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Jonesborough leaders sorting out sewer situation

At its March 8 meeting, the Jonesborough Board of Mayor and Aldermen took the first step toward annexing three parcels of property off Anderson Drive into the corporate limits of the Town.
Terry Orth, of Orth Construction, requested the annex for the property, where he intends to build Ashley Meadows Subdivision. The motion passed its first reading.
The proposed subdivision, Ashley Meadows, came before the BMA about four years ago, when the Town agreed to eventually allow the property to be sewered and annexed, according to a Town report.
But Jonesborough’s sewer situation has changed since then, requiring a different plan for sewering the property. Four years ago, a sewer pump station was planned to pump the property’s waste over the hill and down College Street to the A-station, but since the Tennessee Department of Conservation and Environment’s Commissioner’s Order, no more flows can be added to that station.
Town staff has been working on a plan to instead gravity-flow the sewer through one large tract of vacant land between Hwy 81 North and the Meadows subdivision, which would allow sewer from the area around 81 and Anderson Drive to gravity flow to Persimmon Ridge Park, negating the need for a pump station.
Instead of using the developer’s fees to help fund a pump station, that money would be invested in sewer line materials instead, a Town report said. The annexation ordinance must now go through a second reading and pass at the April BMA meeting.
TDEC’s Commissioner’s Order to Jonesborough is also holding up the Town’s examination of infiltration and inflow into its wastewater treatment plant.
Average flows into the wastewater treatment plant for February were at 988,000 gallons per day, which is over the 500,000 gallons per day capacity, and the plant had 13 daily violations in February.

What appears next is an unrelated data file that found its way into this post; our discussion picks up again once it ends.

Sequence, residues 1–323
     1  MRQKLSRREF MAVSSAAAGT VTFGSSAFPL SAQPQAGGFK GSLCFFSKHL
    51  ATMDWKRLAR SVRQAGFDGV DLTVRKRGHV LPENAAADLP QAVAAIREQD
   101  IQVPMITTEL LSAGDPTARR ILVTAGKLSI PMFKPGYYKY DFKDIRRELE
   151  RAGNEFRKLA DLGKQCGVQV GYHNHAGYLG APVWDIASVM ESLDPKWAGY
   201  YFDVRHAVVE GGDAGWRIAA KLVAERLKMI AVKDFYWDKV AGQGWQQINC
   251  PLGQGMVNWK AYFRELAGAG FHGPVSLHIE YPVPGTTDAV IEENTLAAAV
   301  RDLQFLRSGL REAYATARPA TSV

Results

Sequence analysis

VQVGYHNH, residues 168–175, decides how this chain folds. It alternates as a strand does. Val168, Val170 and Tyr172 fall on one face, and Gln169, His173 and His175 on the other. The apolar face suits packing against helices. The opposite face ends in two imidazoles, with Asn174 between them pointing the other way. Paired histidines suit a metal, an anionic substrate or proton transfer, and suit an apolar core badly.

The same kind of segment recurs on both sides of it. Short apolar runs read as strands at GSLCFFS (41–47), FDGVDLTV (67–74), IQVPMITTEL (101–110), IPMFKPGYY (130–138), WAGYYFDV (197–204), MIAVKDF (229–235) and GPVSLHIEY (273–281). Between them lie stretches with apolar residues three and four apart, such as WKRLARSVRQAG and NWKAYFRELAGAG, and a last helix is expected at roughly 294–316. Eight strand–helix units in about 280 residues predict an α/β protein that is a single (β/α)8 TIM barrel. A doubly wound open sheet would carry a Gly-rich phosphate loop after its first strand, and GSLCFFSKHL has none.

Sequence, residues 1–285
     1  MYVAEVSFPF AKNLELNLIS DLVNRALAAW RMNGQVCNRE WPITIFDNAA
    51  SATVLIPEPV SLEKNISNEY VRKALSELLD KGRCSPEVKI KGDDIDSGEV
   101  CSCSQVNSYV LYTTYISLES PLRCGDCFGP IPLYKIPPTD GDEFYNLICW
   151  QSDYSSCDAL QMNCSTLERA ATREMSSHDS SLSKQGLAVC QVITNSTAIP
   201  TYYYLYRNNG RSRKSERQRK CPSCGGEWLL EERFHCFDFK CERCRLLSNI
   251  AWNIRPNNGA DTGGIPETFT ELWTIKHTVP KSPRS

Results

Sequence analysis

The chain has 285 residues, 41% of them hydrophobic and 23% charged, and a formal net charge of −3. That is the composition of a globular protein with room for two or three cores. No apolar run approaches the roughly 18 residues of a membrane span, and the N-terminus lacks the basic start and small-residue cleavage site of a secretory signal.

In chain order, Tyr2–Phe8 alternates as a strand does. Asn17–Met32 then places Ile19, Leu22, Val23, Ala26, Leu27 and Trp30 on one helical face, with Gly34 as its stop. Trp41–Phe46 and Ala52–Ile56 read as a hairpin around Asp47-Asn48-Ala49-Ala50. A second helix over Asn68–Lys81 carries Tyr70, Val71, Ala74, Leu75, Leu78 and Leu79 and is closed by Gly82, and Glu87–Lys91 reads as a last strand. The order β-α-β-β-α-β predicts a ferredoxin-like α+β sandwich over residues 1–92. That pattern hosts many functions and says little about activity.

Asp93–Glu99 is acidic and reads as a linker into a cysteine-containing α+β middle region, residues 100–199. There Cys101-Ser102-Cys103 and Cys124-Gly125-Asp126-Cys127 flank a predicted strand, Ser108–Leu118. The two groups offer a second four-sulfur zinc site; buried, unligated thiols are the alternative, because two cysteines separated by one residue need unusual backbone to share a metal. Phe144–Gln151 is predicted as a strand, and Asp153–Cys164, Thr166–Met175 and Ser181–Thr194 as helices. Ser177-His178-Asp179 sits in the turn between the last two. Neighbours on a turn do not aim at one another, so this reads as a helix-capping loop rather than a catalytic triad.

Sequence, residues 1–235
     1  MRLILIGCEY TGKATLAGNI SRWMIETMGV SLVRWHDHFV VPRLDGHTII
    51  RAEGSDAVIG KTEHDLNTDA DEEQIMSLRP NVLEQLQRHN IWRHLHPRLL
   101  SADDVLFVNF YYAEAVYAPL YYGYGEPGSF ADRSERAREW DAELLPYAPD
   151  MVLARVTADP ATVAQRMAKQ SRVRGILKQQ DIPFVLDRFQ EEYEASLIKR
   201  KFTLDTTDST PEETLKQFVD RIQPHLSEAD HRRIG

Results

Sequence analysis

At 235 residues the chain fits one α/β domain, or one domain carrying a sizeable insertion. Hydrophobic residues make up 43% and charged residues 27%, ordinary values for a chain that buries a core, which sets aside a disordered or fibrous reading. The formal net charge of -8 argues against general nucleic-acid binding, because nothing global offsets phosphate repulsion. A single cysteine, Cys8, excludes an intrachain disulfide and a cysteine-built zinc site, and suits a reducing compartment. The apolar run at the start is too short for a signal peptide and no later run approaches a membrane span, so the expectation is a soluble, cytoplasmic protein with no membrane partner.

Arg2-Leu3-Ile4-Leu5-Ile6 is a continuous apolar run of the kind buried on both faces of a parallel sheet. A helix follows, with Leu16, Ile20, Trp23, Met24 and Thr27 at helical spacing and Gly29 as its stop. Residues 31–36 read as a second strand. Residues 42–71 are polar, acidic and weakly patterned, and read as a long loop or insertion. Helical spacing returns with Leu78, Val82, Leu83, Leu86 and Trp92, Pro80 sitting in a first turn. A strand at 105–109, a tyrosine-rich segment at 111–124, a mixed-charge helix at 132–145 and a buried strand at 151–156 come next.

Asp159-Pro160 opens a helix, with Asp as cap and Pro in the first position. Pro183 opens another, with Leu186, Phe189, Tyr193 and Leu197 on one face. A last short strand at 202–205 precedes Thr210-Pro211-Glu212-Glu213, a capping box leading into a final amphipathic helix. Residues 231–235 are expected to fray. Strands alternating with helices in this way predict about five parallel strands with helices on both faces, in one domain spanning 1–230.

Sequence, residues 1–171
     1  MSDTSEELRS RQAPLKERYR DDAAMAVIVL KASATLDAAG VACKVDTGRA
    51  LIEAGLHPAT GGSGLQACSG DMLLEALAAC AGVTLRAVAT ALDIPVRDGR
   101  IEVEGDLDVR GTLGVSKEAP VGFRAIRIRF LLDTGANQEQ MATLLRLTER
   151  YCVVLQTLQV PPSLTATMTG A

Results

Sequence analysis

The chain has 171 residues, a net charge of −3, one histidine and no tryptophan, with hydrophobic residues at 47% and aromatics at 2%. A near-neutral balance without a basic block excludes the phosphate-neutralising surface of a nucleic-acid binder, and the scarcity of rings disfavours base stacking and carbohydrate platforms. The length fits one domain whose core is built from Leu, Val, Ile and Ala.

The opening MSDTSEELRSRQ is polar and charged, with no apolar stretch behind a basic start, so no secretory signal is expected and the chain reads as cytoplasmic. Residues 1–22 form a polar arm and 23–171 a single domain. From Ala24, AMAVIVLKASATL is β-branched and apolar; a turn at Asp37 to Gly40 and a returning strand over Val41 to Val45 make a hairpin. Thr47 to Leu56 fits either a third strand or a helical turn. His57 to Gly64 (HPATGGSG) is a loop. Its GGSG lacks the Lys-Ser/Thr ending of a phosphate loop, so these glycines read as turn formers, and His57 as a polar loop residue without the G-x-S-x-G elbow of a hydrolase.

The Town is working to inspect infiltration and inflow (when extra water leaks in from rainfall) in its sewer lines through flow monitoring, a process that should take several months since it’s best to see different amounts of rainfall to see where the system’s problems are.
However, the Town is also supposed to submit a report to TDEC in July, required by the Commissioner’s Order, in which the Town was given 12 months to collect all the sewer data and enter it into a program.
Browning requested another year to complete the task, but was denied. While it would be logical to camera the sewer lines at the same time collect data, the time constraint put on by TDEC makes that impossible, a Town report said.
“With our serious I&I problem, we should be trying to work on both goals at the same time,” according to Town Administrator Bob Browning’s report. “We can’t, however, meet the Commissioner’s Oder timetable for modeling if we camera at the same time.”
Browning said he has written asking TDEC to extend the time so the Town can “proceed in the manner that makes the most sense,” the report said.
In other news, in a meeting with TDOT officials, Browning said the state agency has suggested a Spot Safety grant for $121,000 to make improvements to the Persimmon Ridge and West Main Street. The money will help to cut banks back as much as possible and square up the intersection. The Spot Safety Committee meets on March 12 and the motion is expected to be approved.
A second reading of the ordinance that would allow Depot Street Brewery to sell beer in a “tasting room” on-premise passed unanimously.
Town Recorder Abbey Miller said the general fund is in good shape and taxes are coming in on schedule.
The BMA scheduled its retreat for March 30 from 8 a.m. to noon, open to the public.
“We are going to address some bigger issues,” Wolfe said, such as “infrastructure, tourism and quality of life.”
In downtown news, “progress has been slow with the new restrooms downtown because of bad weather,” according to a Town report. The block walls and the roof are currently in place.
Meanwhile, underground wiring for the Courthouse parking lot project has been completed, and the lamp posts have been installed. Brick pavers have also been removed from the sidewalk between Fox Street and Courthouse Square and a new walk will be built once final approval is received.